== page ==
Rising in the Devilsbit Mountains in the north of Tipperary, the River Suir runs down the length of the county before abruptly turning east in the face of the Knockmealdown Mountains. Along the way it nourishes countless dairy cattle and three significant towns along the southern border with Waterford. While Clonmel, the capital of South Tipp, holds little of interest for visitors, nearby Cahir is a compelling destination, with its mighty castle and the whimsical Swiss Cottage, and Carrick-on-Suir is the site of a rare and well-preserved Elizabethan manor house. Feeding into the Suir to the northwest of Cahir, the luscious Glen of Aherlow is one of the county’s prettiest spots and a fine base for exploring the scenic Galty Mountains. Tucked away on the south side of the range are the fantastic stalactites and stalagmites of Mitchelstown Cave, while the attractive villages of Clogheen and Ardfinnan lie to the east of here in the lee of the Knockmealdowns.
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In the far southeastern corner of County Tipperary lies the busy market town of CARRICK-ON-SUIR. Its main point of interest is multi-gabled Ormond Castle, Ireland’s only surviving Elizabethan manor house, which is situated at the far eastern end of Castle Street, a continuation of Main Street. Erected in the 1560s by Thomas (“Black Tom”) Butler, tenth Earl of Ormonde, for an (unrealized) visit by his cousin, Elizabeth I, the house contains numerous tributes to her, most notably in the elaborate series of panels in the long gallery. Also displayed is a fine collection of royal charters, including one of 1661 granting the title Duke of Ormonde to Tom’s descendant James.
The dominant feature of CAHIR is its castle, one of Ireland’s largest and best preserved, surrounded by the waters of the River Suir at the western entrance to the town. Cahir itself means “fort” in Irish and the town grew up around its thirteenth-century Anglo-Norman stronghold, though much, including the restored outer walls, dates from more recent times. The castle was a power base of the influential Butlers, the Earls of Ormonde, and managed to survive a siege and bombardment by the Earl of Essex in 1599, as well as the invasions of Cromwell and William of Orange. However, after Cromwell’s victory in 1650, the Butlers moved out and the castle fell slowly into disrepair, until it was given new life in the mid-nineteenth century by Richard Butler, the second Earl of Glengall, who impoverished himself in the process. The castle’s entrance leads to the cramped middle ward, overshadowed by the thirteenth-century keep whose chambers feature various displays, including a model of the 1599 siege. To the left of here a gateway, surmounted by defensive viewpoints on each side, leads to the more expansive outer ward. In the inner ward, parts of the larger of the two towers derive from the thirteenth and fifteenth centuries, though the banqueting hall was redesigned by William Tinsley in 1840 for use as the Butlers’ private chapel.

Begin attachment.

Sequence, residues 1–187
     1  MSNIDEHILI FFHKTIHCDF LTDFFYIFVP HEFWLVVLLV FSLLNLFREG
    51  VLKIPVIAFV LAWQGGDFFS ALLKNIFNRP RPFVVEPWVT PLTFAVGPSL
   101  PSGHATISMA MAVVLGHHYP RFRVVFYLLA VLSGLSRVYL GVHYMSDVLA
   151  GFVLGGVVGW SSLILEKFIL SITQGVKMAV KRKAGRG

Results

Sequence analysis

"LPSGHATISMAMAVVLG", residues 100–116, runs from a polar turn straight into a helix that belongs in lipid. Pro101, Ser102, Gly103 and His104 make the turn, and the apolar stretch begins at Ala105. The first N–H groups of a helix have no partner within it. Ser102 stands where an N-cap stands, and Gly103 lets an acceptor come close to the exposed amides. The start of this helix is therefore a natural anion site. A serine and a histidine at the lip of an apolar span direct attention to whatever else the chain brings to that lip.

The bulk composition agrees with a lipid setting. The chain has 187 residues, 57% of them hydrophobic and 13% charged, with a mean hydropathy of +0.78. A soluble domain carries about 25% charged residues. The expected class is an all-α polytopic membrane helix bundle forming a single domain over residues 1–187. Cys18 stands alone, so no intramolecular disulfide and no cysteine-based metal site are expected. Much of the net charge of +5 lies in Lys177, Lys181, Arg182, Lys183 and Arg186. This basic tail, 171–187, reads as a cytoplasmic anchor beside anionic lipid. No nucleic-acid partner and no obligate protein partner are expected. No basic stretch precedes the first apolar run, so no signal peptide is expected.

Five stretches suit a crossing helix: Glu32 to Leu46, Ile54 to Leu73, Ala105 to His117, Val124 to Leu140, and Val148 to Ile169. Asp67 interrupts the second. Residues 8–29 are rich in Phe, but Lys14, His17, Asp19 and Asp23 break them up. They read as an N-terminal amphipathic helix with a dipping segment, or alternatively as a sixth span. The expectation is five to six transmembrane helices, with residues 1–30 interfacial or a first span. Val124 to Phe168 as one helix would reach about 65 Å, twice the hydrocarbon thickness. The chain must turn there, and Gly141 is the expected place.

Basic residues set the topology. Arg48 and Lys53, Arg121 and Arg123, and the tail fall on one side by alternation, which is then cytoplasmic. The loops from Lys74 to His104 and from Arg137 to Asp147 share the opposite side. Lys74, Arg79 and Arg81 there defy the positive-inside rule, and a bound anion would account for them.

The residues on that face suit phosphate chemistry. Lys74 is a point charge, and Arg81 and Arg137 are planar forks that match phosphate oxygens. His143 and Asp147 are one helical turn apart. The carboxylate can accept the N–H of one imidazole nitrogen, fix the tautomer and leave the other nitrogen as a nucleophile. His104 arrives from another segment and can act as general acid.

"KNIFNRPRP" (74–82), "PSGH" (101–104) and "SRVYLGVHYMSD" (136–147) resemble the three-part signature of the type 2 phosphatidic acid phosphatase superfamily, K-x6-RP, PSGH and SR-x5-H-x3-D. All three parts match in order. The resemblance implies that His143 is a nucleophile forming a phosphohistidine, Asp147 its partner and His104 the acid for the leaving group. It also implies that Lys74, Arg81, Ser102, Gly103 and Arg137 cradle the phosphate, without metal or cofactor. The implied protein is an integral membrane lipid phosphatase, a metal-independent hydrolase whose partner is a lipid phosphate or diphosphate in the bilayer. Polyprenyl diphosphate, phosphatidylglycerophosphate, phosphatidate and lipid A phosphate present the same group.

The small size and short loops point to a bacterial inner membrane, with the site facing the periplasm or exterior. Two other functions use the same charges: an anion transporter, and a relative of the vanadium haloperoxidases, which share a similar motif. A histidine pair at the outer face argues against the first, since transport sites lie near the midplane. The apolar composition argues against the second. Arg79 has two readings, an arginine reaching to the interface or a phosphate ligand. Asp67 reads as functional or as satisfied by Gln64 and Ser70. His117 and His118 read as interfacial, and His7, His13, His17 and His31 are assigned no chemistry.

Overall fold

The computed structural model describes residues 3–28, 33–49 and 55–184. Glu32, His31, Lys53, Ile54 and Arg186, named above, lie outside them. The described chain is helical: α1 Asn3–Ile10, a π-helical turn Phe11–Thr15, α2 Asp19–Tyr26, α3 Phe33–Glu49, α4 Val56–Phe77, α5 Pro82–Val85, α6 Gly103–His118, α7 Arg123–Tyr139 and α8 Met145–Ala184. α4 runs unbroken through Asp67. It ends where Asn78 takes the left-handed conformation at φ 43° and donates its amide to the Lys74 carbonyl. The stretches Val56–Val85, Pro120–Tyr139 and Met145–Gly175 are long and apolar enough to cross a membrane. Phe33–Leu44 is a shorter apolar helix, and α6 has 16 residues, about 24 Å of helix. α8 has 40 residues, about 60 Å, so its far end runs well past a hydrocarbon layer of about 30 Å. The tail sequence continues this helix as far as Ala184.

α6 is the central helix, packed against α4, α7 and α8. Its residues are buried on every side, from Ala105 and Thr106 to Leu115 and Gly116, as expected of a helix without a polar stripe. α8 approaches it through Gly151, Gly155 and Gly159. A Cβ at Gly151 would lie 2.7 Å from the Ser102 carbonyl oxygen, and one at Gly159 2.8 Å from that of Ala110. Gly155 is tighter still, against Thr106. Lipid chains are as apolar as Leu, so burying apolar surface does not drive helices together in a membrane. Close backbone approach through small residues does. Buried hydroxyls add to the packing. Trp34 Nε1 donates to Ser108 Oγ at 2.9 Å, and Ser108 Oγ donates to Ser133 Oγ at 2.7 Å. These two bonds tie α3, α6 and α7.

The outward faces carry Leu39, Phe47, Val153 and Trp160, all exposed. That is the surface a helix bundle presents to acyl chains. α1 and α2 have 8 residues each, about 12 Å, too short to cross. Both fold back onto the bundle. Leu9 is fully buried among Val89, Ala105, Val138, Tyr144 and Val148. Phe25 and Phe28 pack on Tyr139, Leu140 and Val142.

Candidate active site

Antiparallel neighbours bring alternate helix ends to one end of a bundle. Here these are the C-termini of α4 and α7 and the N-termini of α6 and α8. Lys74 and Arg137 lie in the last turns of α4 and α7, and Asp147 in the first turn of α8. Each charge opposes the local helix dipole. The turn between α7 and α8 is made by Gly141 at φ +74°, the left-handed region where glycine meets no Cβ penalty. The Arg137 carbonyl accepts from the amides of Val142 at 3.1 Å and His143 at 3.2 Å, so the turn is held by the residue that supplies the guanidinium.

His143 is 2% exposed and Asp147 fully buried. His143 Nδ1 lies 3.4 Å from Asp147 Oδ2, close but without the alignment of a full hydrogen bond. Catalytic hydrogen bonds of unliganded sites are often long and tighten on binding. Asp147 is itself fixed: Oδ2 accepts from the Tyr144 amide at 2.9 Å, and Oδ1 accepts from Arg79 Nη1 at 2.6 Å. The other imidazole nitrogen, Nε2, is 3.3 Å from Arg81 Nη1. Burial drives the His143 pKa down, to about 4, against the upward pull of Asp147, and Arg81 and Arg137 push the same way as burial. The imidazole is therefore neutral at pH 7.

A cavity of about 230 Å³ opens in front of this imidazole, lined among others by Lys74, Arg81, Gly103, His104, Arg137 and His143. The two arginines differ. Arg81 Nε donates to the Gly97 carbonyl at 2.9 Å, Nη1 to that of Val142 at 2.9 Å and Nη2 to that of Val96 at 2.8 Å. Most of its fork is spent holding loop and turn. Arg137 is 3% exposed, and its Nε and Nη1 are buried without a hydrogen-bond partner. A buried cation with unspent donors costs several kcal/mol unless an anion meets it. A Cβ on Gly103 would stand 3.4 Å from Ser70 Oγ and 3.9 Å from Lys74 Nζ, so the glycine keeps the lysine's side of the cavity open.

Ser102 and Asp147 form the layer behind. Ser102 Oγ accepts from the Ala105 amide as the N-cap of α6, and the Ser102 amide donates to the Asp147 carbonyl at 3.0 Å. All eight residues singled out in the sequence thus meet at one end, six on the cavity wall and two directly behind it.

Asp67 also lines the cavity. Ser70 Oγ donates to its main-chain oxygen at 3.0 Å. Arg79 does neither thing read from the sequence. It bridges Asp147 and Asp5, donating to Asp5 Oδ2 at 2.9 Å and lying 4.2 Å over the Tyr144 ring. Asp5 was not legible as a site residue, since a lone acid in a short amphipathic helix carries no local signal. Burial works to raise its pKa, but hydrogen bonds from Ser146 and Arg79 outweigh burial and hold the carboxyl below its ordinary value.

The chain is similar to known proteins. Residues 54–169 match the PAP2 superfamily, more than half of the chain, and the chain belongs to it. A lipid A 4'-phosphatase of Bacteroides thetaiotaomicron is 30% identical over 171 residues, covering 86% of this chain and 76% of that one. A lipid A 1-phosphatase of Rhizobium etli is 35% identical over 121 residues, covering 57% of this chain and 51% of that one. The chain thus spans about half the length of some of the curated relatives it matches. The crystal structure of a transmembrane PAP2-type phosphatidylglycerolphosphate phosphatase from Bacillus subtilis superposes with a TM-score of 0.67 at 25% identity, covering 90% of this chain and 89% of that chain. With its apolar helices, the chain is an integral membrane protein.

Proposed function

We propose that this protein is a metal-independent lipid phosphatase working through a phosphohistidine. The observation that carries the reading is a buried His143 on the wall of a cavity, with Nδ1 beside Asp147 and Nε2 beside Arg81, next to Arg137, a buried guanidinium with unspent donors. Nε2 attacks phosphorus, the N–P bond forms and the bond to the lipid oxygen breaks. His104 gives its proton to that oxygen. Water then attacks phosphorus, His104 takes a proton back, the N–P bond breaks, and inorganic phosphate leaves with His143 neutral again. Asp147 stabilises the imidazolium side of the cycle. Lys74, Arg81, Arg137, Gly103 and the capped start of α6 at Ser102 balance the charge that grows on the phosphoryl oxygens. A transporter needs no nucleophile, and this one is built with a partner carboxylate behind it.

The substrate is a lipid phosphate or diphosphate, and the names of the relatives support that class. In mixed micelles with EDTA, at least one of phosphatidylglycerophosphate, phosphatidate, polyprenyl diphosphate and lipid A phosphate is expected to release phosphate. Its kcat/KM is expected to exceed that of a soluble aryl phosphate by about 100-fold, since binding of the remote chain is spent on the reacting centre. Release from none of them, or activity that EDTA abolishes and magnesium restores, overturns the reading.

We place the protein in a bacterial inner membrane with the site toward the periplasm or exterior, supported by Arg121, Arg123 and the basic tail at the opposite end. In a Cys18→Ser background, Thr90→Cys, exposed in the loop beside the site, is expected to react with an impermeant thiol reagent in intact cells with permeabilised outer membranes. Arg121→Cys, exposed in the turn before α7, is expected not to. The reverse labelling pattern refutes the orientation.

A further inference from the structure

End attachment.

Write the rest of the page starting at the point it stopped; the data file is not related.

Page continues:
Cahir’s other major attraction is the Swiss Cottage, a twenty-minute riverside stroll south from the town or, if you’re driving, off the Ardfinnan road. Designed by John Nash, architect of the Royal Pavilion at Brighton, this lavish, thatched cottage orné on the castle demesne was constructed in the early 1800s for Richard Butler, the first Earl of Glengall, though his precise reason remains unclear. A contemporary scurrilous theory held that it was to enjoy clandestine liaisons with his mistress, but there is evidence that it was used occasionally as a residence and for entertaining guests thoroughly restored using appropriate timbers and period decor. Entertaining guided tours (with a maximum of twelve people, so you may have a wait during the busy summer months) start from the bovement kitchen and visit the elegant salon, whose interior is decorated with one of the first commercially manufactured Parisian wallpapers, and music room, and ascend via a spiral staircase to the grand master bedroom with its commanding views of the countryside.
The Glen of Aherlow
The Glen of Aherlow
To Cahir’s northwest lies the lush and resplendent Glen of Aherlow, spreading some 18km from Bansha in the east to Galbally in the west, just across the border in County Limerick. Lying beneath the northern facade of the Galty Mountains, the glen is a marvellous place to drive or cycle around and the scenic circular route is well worth taking. The best vantage point for spectacular views is by the entrance to the Glen of Aherlow Nature Park, 1.5km north of the junction of the R663 and R664. From here on the wooded ridge of Slievenamuck, the glen lies spread out below, light reflecting from the river, and the mountains looming beyond. A one-hour, circular walking trail is laid out through the nature park’s woodlands, while the signposted Ballyhoura Way runs through the Glen to Galbally, on its eighty-kilometre journey from the train station at Limerick Junction via the Ballyhoura Mountains to St John’s Bridge in north Cork.